The amended version of Rule 37(e) sets forth a three-part inquiry. First, a court takes on the threshold question of whether a party failed to take “reasonable steps” to preserve electronically stored information “that should have been preserved in the anticipation or conduct of litigation.” Fed.R.Civ.P. 37(e). Second, a court examines if there has been “prejudice to another party from loss of the information.” Fed R. Civ. P. 37(e)(1). If there has, the court “may order measures no greater than necessary to cure the prejudice.” Ibid. Finally, if the destroying party “acted with the intent to deprive another party of the information's use in the litigation,” then a court may impose measures such as mandatory presumptions or instructions that the lost information was unfavorable to the party or the entry of default judgment. Fed.R.Civ.P. 37(e)(2).

As to the first element, Tyson does not dispute that he deleted the original photo of the noose along with its associated metadata. Neither does he dispute that he has not produced the phone on which he took the original photo. There is thus no question that the evidence has not been preserved. The remaining issue is whether Tyson had an obligation to do so.

A party that “reasonably anticipates litigation must maintain all evidence that they knew or should have known . . . may be relevant to that litigation.” Jacquety v. Baptista, 538 F.Supp.3d 325, 342 (S.D.N.Y. 2021) (citing Fujitsu Ltd. V. Federal Express Corp., 247 F.3d 423, 436 (2d Cir. 2001)). The duty to preserve can arise “even before formal initiation of an action, once a party reasonably anticipates litigation.” Ibid.

Tyson first mentioned the possibility of filing a discrimination claim in March 2018.[21] In text messages between Tyson and McKay on March 20, 2018, Tyson told McKay that he had consulted with his sister, an attorney, who advised him to pursue a discrimination case with the Commission on Human Rights and Opportunities.[22] A few days later, Tyson told McKay that he wanted his sister, whom he referred to as his “attorney,” as well as a Connecticut State Senate member, to be present at a meeting scheduled with HR to “let them know we mean business.”[23]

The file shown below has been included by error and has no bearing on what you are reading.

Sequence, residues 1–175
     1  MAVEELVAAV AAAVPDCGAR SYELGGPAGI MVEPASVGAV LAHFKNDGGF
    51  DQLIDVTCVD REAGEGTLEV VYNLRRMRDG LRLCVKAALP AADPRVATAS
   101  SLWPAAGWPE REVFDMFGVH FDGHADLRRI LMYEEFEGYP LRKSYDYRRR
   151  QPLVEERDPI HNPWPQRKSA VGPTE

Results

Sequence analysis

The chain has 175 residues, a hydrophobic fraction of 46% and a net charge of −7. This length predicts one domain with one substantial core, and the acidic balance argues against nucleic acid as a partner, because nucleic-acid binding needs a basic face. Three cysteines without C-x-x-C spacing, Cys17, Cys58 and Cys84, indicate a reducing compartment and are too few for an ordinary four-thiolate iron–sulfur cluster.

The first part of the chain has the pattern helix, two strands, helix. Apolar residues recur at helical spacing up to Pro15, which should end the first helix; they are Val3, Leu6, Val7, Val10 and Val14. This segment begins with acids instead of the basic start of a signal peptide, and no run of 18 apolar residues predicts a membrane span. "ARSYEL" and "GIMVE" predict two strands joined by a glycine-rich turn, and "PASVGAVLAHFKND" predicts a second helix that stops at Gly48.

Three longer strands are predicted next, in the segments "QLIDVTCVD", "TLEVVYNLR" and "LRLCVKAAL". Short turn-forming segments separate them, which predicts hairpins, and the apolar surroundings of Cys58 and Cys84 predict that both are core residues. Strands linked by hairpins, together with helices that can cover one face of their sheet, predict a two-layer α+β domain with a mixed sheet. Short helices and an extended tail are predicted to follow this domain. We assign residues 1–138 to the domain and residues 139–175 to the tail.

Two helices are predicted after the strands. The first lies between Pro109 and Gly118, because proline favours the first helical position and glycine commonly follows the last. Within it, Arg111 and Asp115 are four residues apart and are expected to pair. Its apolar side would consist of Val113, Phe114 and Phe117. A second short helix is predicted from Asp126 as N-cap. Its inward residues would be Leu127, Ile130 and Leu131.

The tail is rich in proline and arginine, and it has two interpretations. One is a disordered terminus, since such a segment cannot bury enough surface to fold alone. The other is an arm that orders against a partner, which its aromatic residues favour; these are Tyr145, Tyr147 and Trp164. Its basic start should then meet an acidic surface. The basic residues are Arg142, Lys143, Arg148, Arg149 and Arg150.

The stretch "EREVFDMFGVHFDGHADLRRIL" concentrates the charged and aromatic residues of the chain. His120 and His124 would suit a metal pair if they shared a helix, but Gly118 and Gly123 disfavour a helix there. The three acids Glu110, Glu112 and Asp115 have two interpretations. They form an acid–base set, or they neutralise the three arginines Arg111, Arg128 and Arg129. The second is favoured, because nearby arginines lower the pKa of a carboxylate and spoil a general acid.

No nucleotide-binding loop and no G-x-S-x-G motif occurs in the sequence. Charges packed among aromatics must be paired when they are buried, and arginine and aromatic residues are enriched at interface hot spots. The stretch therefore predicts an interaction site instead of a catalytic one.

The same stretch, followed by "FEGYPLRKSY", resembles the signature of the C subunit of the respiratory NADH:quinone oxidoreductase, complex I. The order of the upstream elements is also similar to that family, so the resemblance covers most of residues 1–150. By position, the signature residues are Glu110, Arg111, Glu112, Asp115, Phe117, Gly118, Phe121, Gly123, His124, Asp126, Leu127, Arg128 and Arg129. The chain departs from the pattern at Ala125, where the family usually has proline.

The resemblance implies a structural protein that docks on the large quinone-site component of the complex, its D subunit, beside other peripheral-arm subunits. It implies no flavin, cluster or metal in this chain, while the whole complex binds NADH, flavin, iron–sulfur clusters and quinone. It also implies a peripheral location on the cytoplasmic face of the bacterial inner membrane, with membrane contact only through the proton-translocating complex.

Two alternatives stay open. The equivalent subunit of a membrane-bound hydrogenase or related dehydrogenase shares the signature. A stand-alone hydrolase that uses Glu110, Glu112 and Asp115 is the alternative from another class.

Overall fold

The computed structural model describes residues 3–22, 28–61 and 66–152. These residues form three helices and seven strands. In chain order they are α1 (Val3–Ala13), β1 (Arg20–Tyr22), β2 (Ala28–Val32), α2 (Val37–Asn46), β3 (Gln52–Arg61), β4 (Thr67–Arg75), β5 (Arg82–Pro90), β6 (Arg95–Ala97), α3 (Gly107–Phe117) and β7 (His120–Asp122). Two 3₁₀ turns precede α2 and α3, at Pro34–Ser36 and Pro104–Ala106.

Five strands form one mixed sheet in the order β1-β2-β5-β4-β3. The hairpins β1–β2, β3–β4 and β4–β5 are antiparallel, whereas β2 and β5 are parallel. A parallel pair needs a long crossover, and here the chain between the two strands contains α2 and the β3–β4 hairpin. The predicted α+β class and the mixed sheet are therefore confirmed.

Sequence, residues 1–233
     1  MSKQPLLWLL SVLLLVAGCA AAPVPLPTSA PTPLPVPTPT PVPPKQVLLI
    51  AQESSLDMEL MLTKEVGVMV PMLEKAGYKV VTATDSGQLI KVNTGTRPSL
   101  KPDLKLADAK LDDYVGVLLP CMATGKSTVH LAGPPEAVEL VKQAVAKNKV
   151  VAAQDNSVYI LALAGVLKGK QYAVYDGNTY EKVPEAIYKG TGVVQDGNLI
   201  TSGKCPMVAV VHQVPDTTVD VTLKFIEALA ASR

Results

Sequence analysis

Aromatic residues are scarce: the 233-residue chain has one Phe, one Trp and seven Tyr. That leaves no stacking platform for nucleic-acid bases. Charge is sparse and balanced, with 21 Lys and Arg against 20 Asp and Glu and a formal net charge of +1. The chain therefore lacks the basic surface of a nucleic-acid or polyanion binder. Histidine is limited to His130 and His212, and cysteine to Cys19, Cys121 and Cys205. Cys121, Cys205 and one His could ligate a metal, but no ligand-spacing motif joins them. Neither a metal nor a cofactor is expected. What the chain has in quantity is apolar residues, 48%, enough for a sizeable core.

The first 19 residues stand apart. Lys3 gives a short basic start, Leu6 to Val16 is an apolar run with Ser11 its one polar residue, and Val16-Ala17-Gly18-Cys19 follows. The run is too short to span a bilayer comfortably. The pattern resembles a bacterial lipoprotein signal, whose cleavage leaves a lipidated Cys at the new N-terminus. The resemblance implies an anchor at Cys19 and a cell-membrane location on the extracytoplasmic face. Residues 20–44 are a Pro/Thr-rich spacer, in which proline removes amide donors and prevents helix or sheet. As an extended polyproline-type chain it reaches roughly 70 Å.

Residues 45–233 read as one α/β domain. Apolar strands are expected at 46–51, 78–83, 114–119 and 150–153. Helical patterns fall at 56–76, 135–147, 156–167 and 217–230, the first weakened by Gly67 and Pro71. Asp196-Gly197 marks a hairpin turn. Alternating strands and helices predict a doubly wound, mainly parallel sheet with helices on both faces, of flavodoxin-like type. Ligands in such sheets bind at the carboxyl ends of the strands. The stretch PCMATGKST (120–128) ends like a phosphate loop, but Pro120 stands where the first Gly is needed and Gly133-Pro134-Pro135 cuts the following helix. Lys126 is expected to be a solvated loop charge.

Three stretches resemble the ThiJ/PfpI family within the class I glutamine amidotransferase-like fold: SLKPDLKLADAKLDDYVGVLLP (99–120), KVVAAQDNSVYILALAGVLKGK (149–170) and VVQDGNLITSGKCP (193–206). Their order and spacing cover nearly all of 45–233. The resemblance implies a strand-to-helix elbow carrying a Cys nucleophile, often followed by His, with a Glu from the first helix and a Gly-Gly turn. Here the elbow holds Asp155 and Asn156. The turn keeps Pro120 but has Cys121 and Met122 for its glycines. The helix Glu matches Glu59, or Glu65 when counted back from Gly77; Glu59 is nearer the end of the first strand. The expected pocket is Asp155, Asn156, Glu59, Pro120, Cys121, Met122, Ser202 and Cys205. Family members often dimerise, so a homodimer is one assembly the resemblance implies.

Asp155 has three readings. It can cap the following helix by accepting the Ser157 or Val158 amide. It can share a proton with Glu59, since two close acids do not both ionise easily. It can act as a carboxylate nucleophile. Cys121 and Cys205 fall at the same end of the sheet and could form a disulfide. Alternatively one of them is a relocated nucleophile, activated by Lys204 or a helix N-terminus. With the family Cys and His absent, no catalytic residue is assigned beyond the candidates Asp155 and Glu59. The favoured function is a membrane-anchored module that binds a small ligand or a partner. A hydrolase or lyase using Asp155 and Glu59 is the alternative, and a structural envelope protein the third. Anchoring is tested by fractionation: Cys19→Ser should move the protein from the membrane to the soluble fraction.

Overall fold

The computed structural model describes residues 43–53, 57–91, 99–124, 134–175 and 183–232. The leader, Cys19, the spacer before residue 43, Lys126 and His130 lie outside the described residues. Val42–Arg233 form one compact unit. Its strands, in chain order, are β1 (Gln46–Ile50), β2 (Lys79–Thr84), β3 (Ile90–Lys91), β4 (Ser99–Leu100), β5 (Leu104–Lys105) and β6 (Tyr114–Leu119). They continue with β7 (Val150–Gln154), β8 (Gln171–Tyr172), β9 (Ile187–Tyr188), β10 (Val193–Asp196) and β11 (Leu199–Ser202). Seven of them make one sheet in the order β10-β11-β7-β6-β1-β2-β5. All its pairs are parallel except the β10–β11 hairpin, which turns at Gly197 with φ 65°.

Courts have found that a duty to preserve evidence may arise when a plaintiff has clearly signaled an intention to pursue legal action. See, e.g., Karsch v. Blink Health Ltd., 2019 WL 2708125, at *18 (S.D.N.Y. 2019) (obligation to preserve arose when plaintiff sent defendant a letter demanding repayment and threatening legal action); Ottoson v. SMBC Leasing and Finance, Inc., 268 F.Supp.3d 570, 581 (S.D.N.Y. 2017) (the plaintiff had an obligation to preserve evidence from the date her counsel “sent a demand letter . . . threatening litigation and requesting [p]laintiff's personnel file”). Tyson's texts show that he was making concrete plans to file a discrimination claim at least three months before he discovered the noose in June 2018. And so by the time Tyson deleted the original photo of the noose, he certainly had an obligation to preserve any evidence that might be relevant to contemplated future legal action.

Tyson counters that he could not have foreseen that a photo of the noose would become a “critical piece of evidence” in his claim.[24] But this argument is hard to square with Tyson's own assertion that discovering the noose was the “straw that broke the camel's back” in motivating him to pursue legal action.[25] Moreover, the duty to preserve arises when a plaintiff knows or should have known that the evidence would be “relevant” to future litigation. In re Keurig Green Mtn. Single-Serve Coffee Antitrust Lit., 341 F.R.D. 474, 495 (S.D.N.Y. 2022). Tyson himself agrees that evidence of the noose is “unquestionably relevant to his claim.”[26]

Tyson further contends that he did not know he had a legal obligation to preserve the original copy of the photo and its associated metadata or the phone on which he took the original photo.[27] Certainly in evaluating what constitute “reasonable steps” under Rule 37 a court should “be sensitive to the party's sophistication,” as “individual litigants[] may be less familiar with preservation obligations.” Rule 37(e) adv. comm. n. to 2015 amend. But even taking into consideration Tyson's status as an individual litigant, I still find that it was unreasonable for him to not retain evidence relating to the noose. At the time he found the noose, Tyson was taking steps to catch someone “in the act of harassing him, believing that was the only way to prove a discrimination claim.[28] It would be odd for Tyson to make plans to “catch” the person in the act but not believe he should retain other evidence of the noose he allegedly found on June 20.

Tyson's duty to preserve the original phone on which he took the photo is even clearer. Tyson still had the original phone at the time of the initial police investigation in 2018. The request from the police to conduct a forensic analysis...